The idea of surrendering responsibility and control of one’s works from the ego-personality to the Divine is one that can only be truly implemented once a certain separation of the consciousness from the ego-personality and the play of the Gunas has actually occurred. That is why the Gita sets forth a series of steps rather than simply prescribing this initially. Abandonment of the fruits helps the seeker to prepare himself for abandoning the sense of being the “doer”. The action of the three Gunas is still primary as long as one remains even slightly attached to the ego-consciousness, and thus, there can be a form of tamasic surrender which simply gives up any attempt whatsoever to manage or discipline the actions of the being, and thus, the excuse of the divine being responsible for all works, in such a case, is a cover for tamasic ego-fulfilment. Similarly, there can be a rajasic surrender whereby the being takes on any form of fulfillment of desires and ambitions with the excuse that it is the divine working through the instrument. And a sattwic form whereby one can arrogate from a form of sattwic pride, the actions, the successes and the developments to the divine as a way of enhancing one’s personal feeling of achievement!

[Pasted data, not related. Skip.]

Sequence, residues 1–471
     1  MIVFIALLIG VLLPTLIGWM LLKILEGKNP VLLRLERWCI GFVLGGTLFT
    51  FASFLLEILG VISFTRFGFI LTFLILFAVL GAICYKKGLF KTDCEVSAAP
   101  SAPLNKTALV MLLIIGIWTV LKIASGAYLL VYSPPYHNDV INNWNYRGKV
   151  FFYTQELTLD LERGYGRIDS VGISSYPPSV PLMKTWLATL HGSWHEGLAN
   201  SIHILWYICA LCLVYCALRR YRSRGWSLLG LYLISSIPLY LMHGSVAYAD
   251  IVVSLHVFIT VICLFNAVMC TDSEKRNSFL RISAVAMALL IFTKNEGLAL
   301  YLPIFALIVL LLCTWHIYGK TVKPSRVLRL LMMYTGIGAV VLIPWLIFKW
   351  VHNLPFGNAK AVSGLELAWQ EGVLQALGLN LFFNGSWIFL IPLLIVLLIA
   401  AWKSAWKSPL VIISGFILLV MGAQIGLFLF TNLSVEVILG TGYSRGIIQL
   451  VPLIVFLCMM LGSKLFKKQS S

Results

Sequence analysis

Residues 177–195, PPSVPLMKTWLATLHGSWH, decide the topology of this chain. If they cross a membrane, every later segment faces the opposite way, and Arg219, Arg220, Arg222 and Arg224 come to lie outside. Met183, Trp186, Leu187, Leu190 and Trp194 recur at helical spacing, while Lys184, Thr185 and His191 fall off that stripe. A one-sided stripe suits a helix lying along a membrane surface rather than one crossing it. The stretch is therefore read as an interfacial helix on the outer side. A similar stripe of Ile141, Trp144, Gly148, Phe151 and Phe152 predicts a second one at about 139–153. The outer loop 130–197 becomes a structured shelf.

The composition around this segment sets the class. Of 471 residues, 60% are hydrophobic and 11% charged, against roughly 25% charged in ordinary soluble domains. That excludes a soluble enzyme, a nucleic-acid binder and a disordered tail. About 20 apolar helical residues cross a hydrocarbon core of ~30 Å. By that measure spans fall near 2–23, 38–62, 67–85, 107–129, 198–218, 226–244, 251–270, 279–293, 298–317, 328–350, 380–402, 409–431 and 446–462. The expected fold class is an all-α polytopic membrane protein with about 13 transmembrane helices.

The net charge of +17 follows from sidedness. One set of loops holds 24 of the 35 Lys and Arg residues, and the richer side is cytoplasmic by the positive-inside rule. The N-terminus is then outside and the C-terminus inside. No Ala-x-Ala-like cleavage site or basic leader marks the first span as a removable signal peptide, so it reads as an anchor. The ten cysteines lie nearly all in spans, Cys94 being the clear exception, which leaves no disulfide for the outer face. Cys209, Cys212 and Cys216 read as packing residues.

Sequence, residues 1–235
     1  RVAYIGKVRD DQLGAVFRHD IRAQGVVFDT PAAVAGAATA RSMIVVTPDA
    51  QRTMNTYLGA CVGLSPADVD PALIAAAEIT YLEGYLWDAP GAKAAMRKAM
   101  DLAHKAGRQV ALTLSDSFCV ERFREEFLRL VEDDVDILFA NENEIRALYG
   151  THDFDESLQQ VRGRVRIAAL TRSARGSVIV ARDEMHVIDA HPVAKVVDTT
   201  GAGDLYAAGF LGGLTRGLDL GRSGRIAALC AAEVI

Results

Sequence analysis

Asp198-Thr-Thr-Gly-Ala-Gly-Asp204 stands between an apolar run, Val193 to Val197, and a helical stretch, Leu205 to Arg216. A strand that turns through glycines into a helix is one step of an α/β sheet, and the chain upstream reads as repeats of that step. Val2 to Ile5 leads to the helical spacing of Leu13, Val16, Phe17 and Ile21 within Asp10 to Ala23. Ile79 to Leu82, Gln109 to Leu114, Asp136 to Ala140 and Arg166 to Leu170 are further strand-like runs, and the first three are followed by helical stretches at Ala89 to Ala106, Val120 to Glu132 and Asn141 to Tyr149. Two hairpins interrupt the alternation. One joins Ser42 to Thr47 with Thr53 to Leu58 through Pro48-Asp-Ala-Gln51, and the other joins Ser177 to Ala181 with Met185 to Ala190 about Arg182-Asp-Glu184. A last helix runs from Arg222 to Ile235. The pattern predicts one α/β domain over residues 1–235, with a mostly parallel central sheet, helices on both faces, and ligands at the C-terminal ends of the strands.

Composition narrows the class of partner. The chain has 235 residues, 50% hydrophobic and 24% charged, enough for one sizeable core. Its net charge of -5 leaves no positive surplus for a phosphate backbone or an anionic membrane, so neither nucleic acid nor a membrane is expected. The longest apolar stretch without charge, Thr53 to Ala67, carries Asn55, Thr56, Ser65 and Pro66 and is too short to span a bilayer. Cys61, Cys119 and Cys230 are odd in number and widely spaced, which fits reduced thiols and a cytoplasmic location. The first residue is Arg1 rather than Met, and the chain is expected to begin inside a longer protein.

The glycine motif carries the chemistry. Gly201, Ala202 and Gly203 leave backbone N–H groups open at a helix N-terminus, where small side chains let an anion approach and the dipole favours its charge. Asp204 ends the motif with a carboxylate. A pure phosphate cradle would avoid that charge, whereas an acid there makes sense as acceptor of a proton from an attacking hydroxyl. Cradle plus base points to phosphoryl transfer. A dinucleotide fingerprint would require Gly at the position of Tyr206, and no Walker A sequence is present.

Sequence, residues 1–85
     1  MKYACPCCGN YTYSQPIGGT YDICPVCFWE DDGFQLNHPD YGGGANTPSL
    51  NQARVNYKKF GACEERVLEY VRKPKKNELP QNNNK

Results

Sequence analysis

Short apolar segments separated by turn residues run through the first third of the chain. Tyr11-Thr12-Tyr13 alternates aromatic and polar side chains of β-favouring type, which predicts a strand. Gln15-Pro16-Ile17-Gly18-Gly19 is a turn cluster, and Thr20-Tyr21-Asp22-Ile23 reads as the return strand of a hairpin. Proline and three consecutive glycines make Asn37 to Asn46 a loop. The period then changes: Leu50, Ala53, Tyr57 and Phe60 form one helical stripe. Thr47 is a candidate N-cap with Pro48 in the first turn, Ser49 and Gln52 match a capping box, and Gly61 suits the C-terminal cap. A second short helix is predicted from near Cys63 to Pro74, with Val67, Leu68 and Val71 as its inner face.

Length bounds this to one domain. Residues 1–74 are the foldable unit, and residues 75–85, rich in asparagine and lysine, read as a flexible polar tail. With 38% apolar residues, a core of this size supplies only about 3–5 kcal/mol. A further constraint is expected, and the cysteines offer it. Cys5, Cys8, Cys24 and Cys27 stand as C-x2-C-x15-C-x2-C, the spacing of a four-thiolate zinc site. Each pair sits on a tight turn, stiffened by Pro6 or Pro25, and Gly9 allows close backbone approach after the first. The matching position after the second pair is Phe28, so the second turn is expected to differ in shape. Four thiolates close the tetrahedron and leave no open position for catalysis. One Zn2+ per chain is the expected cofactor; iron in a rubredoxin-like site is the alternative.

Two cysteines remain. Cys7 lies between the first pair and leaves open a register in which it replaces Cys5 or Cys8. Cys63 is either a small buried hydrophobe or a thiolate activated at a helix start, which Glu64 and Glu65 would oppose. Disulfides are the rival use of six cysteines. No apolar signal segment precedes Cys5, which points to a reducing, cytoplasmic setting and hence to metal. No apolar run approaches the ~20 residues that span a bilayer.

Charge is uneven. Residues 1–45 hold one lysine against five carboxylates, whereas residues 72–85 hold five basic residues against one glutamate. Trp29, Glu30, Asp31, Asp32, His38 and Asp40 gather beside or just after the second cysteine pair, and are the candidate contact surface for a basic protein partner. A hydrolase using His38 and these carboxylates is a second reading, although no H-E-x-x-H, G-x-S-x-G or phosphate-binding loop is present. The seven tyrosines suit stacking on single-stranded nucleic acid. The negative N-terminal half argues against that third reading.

Sri Aurobindo points out the importance of achieving the foundational basis: “And when you are once able to do that sincerely, that will be the moment to renounce the initiation of your acts without exception into the hands of the supreme Godhead within you.”
The nature of this eventual change is to shift all initiation, all action, all responsibility and all results to the divine, working through the individual instrument as a nexus or opportunity of action. At this point, the entire issue of “sin and virtue” becomes essentially irrelevant. “The Divine Power and Presence within you will free you from sin and evil and lift you far above human standards of virtue. For you will live and act in the absolute and spontaneous right and purity of the spiritual being and the divine nature. The Divine and not you will enact his own will and works through you, not for your lower personal pleasure and desire, but for the world-purpose and for your divine good and the manifest or secret good of all.”
Sri Aurobindo, Essays on the Gita, Second Series, Part II, Chapter 24, The Message of the Gita, pg. 574